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The Population Implosion

The OLD Philosopher – John M. Miller

Fifty years ago the famous Stanford demographer and futurist Paul Ehrlich published an influential book about rapid population expansion. He called it The Population Bomb. In it he postulated that world population was about to get out of control, and that widespread starvation awaited certain parts of the planet. Other parts would be faced with great political upheavals as result of too many countries having too many residents to be able to govern adequately.

Since he wrote that book, almost three billion extra mouths to feed have appeared on the earth. The rate of growth has slowed considerably from what he predicted, and the apocalyptic scenario he forecast has not emerged. Nevertheless, especially with the specter of climate change causing more demographic carnage than could have been imagined four or five decades ago, population growth has become a huge issue in certain countries and parts of the world.

Before Christmas The Island Packet printed a column by Sabrina Tavernise of The New York Times. Its title was “US population sees slowest growth since 1937.”

Quoting the US Census Bureau, in the past decade Ms. Tavernise reported that the population of the United States grew at its slowest pace in eighty years. For the first time since 1937, the number of deaths of Americans increased and the number of births declined. There was just a 0.62 per cent increase in our national population between July of 2017 and July, 2018. That was because of a single factor, which shortly shall be addressed.

Since 2008, the American economy has been in considerable flux. It is much stronger now than it was back then. Nevertheless, fewer babies are born in uncertain times than in a booming economy. Furthermore, a higher number of people are dying than ever before, if only because there are so many more older people now than in previous years.

William Frey is a demographer at the Brookings Institution. He said, “The aging population is starting to take its toll. I think we need to get used to the fact that we are now a slow-growth country.”

Several European countries, such as France, Germany, Italy, and the UK have increasingly seen the average age of their citizens rise. In addition, their population totals are falling. Russia, which had about two hundred million people when the Soviet Union collapsed, is predicted to have less than a hundred million people by 2050.

As population rates vary from nation to nation, they also vary for state to state in the US. Over the past ten years, everywhere except in North Dakota and Washington, DC, the number of births was only slightly higher than the number of deaths. Populations actually dropped in Alaska, Connecticut, Hawaii, Illinois, Louisiana, Mississippi, New York, West Virginia, and Wyoming.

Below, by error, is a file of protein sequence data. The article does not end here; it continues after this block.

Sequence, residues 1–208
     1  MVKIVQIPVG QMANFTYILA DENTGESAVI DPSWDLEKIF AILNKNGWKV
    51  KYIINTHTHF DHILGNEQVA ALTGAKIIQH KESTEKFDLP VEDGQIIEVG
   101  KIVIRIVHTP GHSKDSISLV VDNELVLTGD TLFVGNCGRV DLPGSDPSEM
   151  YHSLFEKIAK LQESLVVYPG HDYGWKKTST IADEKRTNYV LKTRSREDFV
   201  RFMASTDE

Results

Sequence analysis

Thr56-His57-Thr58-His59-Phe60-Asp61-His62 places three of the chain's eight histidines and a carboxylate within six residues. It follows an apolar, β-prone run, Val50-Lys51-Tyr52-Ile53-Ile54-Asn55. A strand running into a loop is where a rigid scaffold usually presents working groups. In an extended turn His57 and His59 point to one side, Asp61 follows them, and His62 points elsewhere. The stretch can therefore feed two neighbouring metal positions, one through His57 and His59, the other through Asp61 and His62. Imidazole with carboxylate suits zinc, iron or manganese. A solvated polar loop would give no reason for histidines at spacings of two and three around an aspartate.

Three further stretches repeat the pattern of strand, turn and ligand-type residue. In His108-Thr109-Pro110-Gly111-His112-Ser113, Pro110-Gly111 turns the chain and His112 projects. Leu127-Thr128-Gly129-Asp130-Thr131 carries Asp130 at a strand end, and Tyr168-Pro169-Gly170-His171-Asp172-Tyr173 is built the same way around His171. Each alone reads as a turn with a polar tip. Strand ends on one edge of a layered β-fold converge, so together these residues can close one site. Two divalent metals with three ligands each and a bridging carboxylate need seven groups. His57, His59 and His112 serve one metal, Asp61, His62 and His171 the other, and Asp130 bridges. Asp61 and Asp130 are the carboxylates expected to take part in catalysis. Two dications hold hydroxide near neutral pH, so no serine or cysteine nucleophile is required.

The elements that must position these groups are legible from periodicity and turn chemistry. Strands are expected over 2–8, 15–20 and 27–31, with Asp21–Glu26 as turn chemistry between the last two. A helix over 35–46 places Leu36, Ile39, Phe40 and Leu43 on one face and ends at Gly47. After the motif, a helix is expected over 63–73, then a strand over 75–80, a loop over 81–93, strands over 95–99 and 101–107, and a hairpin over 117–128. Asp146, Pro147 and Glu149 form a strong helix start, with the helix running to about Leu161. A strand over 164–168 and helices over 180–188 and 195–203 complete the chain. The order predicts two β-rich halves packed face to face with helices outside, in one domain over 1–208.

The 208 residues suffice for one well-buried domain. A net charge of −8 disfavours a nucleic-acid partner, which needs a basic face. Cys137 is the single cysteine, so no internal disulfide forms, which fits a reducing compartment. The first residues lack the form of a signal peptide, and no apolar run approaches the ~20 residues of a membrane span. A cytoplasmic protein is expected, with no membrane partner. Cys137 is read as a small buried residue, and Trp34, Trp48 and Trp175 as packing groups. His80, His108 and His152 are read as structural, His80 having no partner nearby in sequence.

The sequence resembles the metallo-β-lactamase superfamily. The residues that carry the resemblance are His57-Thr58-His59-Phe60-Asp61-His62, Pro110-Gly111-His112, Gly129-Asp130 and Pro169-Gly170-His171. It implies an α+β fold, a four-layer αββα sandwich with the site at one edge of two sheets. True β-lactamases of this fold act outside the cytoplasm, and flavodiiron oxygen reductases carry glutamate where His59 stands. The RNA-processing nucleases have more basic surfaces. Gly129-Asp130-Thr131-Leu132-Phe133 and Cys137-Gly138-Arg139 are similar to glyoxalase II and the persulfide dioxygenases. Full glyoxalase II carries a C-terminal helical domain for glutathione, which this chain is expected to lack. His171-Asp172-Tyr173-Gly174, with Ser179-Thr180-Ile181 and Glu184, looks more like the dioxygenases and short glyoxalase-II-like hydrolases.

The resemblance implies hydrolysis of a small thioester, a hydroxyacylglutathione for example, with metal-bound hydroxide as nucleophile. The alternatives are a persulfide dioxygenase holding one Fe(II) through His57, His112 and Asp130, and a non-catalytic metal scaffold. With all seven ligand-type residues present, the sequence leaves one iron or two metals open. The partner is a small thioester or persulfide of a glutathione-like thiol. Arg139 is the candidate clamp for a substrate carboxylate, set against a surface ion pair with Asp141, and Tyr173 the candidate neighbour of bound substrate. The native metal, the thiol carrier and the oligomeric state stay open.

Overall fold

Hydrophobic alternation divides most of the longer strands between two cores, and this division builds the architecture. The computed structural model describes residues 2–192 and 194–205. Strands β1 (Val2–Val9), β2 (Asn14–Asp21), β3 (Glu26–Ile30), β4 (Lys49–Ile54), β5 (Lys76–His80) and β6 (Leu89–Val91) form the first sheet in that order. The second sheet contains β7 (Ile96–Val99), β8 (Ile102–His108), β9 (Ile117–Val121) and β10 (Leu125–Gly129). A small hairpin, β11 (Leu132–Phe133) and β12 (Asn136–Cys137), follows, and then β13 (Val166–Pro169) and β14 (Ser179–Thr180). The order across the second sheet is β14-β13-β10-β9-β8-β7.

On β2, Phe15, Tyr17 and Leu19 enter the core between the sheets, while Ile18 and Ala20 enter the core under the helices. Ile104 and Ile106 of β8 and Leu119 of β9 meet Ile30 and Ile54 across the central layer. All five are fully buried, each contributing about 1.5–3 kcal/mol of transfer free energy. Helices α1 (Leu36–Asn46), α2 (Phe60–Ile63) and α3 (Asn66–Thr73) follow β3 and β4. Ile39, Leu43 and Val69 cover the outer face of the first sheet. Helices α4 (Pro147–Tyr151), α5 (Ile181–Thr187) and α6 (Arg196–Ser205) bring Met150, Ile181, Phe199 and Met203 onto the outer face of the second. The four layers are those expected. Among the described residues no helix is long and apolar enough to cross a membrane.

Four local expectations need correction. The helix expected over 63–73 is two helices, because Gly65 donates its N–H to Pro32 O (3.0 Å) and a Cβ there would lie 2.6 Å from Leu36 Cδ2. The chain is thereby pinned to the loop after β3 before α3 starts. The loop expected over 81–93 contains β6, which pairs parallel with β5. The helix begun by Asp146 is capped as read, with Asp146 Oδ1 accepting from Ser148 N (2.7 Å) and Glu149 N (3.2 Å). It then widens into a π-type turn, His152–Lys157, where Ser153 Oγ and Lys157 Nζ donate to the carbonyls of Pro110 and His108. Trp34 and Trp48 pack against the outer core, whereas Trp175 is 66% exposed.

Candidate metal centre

The fastest growing states were Nevada, Idaho, and Utah. That is because people are moving into those states in large numbers, not because babies are being born there at significantly higher percentages than elsewhere. Maine and West Virginia each recorded more deaths than births in the last year.

Demographer Kenneth Johnson of the University of New Hampshire said, “The drop is simply stunning. Just ten years ago the surplus of (US) births over deaths was 44 percent higher.” The world population explosion Paul Ehrlich forecast five decades ago has been superceded by a population implosion in America and many other advanced nations.

There are many deductions we can make from these trends. For the purpose of this essay, we shall highlight only one in particular.

If the American economy is to continued to grow, with enough workers employed in all our industries and enterprises, young, motivated, captivated, educated, and child-bearing immigrants are needed to keep us from becoming a nation-state of fewer and fewer young people supporting more and more old people. In some political circles, this inescapable reality will not be met with overwhelming enthusiasm.

Geography and demography are major determinants in the future of nearly every nation that ever existed. The USA is potentially facing a major demographic crisis. Immigrants are the primary solution to the crisis. But who, other than the demographers, are addressing this issue with unflinching realism, courage and foresight?


John Miller is Pastor of The Chapel Without Walls on Hilton Head Island, SC.

More of his writings may be viewed at www.chapelwithoutwallshhi.com.


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